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Keep Abreast of Product Quality

April 24, 2008

6 Min Read
Keep Abreast of Product Quality

From "Behind The Label: A Guide For Retailers," A Supplement to Natural Foods Merchandiser


The pressure is always on naturals retailers from customers who want to know which products work and which are reliably made. Staff members—particularly new ones—may be flummoxed in their quest to understand what's what, but there are plenty of tools available to retailers looking for information on which products to carry and how to help customers make wise and appropriate buying decisions.

Here's a review of some basic strategies for sleuthing out quality products and training your staff to do the same.

Define Quality
Quality is subjective, so identifying what is important is a necessary first step. "You may define quality as consistency—which is very important for clinical trials—but that is different from quality as organic, or quality as sustainable, or quality as homemade," says Steven Dentali, Ph.D., vice president of scientific and technical affairs at the Silver Spring, Md.-based American Herbal Products Association. "Quality becomes objective when you establish what your quality standards are."

For most retailers, quality encompasses source material standards, good manufacturing practices, label accuracy and product efficacy.

Neil Reay, director of sales and marketing for the U.S. Pharmacopoeia's Dietary Supplements Verification Program, says there are numerous factors that affect the quality of a supplement: "The ingredients that are used; the testing and screening to approve them when they come into the plant; the manufacturing process; the end-process testing." The ultimate test, he says, is whether the product dissolves in the consumer's body.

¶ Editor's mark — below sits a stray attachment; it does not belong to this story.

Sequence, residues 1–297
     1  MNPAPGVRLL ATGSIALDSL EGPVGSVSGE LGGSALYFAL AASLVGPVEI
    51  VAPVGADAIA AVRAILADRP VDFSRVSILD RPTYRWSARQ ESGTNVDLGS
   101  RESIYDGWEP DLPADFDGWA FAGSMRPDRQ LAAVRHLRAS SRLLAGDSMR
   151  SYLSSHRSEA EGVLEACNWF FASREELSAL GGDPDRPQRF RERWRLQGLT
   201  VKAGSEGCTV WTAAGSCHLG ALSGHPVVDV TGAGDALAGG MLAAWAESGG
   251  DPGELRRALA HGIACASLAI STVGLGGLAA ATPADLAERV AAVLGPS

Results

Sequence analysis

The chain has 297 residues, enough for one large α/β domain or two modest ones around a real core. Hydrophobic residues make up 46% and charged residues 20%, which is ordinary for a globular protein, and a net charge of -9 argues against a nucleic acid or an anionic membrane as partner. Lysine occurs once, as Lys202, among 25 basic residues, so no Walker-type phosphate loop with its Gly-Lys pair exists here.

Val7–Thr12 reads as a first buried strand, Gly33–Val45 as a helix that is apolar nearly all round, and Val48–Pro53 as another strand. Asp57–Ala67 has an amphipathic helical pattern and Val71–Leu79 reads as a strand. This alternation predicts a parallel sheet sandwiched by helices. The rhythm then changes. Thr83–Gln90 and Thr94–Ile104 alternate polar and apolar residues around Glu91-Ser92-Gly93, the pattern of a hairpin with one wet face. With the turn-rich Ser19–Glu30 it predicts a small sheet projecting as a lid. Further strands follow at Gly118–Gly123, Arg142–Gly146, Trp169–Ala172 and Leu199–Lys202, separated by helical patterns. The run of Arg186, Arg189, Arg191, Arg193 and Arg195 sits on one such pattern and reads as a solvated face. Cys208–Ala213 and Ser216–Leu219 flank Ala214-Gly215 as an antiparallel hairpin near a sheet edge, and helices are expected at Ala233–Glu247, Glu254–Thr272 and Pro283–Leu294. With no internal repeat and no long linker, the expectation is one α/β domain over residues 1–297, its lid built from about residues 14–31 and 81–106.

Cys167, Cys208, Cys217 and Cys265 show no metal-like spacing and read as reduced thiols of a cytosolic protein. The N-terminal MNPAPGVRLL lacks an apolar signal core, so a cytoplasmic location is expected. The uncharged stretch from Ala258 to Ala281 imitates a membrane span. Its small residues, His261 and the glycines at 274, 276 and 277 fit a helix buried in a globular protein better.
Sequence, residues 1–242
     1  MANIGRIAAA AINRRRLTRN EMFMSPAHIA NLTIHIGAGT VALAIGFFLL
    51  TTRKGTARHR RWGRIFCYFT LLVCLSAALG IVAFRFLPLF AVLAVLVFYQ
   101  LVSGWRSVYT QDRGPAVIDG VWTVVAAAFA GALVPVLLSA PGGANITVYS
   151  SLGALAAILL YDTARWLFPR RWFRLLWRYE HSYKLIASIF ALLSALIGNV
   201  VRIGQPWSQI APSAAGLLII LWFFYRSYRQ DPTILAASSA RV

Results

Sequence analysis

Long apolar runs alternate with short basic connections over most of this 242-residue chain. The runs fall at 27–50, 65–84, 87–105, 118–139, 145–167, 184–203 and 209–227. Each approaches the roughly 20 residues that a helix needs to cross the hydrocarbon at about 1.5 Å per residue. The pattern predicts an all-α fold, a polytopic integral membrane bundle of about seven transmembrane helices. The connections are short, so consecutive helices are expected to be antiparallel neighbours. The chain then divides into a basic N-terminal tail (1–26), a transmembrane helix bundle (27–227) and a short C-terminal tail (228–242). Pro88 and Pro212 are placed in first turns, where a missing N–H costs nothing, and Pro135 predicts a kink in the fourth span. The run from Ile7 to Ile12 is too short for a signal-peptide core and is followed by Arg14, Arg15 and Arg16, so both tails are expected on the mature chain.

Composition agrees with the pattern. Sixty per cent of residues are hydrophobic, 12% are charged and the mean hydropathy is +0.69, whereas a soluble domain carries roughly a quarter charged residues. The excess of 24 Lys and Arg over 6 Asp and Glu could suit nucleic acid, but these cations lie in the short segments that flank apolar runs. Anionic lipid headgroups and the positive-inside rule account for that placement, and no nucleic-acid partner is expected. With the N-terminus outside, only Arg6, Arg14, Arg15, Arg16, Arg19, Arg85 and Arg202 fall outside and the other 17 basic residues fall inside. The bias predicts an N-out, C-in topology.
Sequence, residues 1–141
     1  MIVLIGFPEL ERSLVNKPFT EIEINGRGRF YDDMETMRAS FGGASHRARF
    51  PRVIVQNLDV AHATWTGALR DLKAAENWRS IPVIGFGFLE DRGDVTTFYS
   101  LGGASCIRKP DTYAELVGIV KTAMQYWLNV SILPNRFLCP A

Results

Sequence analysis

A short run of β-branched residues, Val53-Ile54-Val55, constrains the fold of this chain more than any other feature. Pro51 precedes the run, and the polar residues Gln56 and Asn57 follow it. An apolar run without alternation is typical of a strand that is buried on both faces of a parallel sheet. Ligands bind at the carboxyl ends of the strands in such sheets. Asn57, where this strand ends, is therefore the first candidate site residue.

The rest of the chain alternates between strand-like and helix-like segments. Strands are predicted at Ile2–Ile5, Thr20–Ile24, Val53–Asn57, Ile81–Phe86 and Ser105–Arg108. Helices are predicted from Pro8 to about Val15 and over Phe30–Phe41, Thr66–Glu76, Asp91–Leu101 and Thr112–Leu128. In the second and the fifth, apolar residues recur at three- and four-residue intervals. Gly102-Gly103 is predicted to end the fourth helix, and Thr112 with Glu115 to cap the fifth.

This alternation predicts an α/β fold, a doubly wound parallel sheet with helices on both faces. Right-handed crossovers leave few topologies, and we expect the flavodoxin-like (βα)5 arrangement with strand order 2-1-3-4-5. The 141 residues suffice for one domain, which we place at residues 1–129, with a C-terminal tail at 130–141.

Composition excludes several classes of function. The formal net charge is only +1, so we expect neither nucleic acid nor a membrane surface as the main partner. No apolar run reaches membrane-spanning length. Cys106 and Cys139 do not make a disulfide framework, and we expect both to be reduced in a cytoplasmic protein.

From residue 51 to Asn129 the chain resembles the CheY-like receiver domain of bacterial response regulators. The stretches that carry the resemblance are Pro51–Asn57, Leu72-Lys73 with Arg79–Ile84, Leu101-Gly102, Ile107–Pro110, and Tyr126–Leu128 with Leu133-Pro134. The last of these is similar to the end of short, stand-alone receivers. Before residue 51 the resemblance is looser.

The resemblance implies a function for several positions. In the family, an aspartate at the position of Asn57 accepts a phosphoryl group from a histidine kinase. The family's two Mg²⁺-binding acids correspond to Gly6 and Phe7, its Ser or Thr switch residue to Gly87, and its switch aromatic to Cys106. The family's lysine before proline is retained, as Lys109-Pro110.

In their definition of quality, some retailers may include local production, environmentally friendly products or products with applications steeped in tradition.

Once you've defined what you're looking for, it's time to talk.

Relationships Matter
The primary way to find out what you need to know about a product is to talk to manufacturers and suppliers. Phillip W. Harvey, Ph.D., chief science officer and director of science and quality assurance at the National Nutritional Foods Association, recommends asking if the company is an NNFA member, if the products are made in a facility certified for good manufacturing practices, and if the products meets USP standards.

"I would definitely encourage asking as many questions as one needs to be satisfied in understanding what these ingredients do and where they come from," Harvey says. "A good, reputable company should be able to provide answers to any question the retailer has at any level—technical to basic stuff."

Harvey suggests tapping the expertise of other retailers. He also urges retailers to talk to dietitians, pharmacists and physicians for recommendations and answers to technical questions.

Trade shows and seminars are valuable sources of information and also are great opportunities for retailers to meet the people who can answer their questions. "[Retailers] can ask umpteen questions about specific ingredients and formulations. They can talk to the company president and the technical people," Harvey says, adding, "Trade shows can be very helpful for learning about new products, [and] there are usually a lot of good educational seminars."

Often after a trade show or seminar you'll be buried in literature. This is a good thing.